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Smart Women during the Financial Crisis

In 1997, Brooksley Born, now retired, directed a small federal office, the Commodity Futures Trading Commission, the federal agency which oversees the futures and commodity options markets. However, she was blocked from overseeing off-exchange markets for derivatives.(Derivatives are so-named because they derive their value from something else, such as currency or bond rates.)

She wanted to release a “concept paper” — essentially a set of questions — that explored whether there should be regulation of over-the-counter derivatives. President Clinton’s economic advisors were furious with her.
CFTC regulation was strenuously opposed by Federal Reserve chairman Alan Greenspan, Treasury Secretaries Robert Rubin and Lawrence Summers.

Simon Johnson and James Kwak in their new book, 13 Bankers: The Wall Street Takeover and the Next Financial Meltdown, stated: ” Larry Summers, Deputy Treasury Secretary for President Clinton called her and said: ‘I have thirteen bankers in my office, and they say if you go forward with this you will cause the worst financial crisis since World War II.’” Unintimated, Born released a concept paper the following year much to the chargin of Clinton’s economic team.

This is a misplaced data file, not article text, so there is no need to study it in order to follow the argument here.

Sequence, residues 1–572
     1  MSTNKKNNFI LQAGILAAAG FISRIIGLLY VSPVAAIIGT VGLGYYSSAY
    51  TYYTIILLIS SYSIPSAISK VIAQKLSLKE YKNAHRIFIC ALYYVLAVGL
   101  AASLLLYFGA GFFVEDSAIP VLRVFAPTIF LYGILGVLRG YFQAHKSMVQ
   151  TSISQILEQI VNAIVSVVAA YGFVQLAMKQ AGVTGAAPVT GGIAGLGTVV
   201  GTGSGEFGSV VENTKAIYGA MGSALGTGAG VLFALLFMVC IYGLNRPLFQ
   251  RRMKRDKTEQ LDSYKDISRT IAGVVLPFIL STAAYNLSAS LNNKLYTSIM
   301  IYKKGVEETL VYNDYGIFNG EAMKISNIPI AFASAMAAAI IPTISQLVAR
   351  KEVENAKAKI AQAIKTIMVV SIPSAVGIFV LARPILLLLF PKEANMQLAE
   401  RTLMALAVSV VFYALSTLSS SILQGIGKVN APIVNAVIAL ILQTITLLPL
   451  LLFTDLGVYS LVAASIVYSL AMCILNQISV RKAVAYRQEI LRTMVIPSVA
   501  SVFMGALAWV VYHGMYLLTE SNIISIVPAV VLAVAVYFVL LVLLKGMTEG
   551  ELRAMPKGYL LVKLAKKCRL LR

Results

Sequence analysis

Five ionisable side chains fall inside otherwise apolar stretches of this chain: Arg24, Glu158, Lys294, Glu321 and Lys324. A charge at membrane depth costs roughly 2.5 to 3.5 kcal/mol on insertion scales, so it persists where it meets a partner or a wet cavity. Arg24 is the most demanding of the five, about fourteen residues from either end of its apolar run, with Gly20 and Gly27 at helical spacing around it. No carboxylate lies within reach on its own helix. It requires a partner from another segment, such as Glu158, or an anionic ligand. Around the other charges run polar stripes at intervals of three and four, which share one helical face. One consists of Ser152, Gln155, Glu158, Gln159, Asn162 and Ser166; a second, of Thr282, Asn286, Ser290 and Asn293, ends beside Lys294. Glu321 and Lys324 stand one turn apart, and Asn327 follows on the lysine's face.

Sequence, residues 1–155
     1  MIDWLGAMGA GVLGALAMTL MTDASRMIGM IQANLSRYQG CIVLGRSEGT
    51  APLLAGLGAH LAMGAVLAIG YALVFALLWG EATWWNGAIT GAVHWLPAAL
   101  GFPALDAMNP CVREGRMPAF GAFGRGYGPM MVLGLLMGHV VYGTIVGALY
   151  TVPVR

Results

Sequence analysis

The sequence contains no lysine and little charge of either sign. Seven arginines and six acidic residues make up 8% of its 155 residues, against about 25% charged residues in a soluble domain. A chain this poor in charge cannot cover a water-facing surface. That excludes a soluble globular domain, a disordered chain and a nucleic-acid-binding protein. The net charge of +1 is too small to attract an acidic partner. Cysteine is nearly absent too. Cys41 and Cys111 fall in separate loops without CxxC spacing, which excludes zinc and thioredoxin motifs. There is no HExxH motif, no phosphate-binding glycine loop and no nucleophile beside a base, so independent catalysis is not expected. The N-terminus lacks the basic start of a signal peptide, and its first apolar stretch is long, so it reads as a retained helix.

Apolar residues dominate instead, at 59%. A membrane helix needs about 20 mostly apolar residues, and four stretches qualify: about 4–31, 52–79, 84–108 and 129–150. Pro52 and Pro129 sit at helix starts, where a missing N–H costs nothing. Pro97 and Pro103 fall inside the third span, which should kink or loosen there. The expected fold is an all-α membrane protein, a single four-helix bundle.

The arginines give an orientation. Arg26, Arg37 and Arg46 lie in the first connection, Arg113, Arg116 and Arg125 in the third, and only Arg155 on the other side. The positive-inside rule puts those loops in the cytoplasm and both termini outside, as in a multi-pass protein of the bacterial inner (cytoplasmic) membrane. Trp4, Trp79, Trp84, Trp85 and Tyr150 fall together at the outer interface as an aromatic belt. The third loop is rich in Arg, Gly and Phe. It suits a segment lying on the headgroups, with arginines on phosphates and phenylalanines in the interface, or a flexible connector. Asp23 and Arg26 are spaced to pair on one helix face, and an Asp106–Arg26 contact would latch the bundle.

A year later,following the suggestion of Clinton’s economic team, Congress enacted the Commodity Futures Modernization Act, which effectively gutted the ability of the CFTC to regulate OTC derivatives. With no other agency picking up the slack, the market grew, unchecked.

Years later she was proven right. The failure to regulate derivatives helped bring on the greatest recession since the Great Depression. In 2009, she was awarded the John F. Kennedy Profiles in Courage Award in recognition of the “political courage she demonstrated in sounding early warnings about conditions that contributed to the current global financial crisis”.

Although Democrats try to trace the causes of the financial crisis back to the Bush administration, clearly, President Bush and Clinton both contributed to the current financial crisis as did Congress. The next time you see a Congressional hearing and the Congressmen and women are chastising the bankers, remember the legislation that Congress passed.

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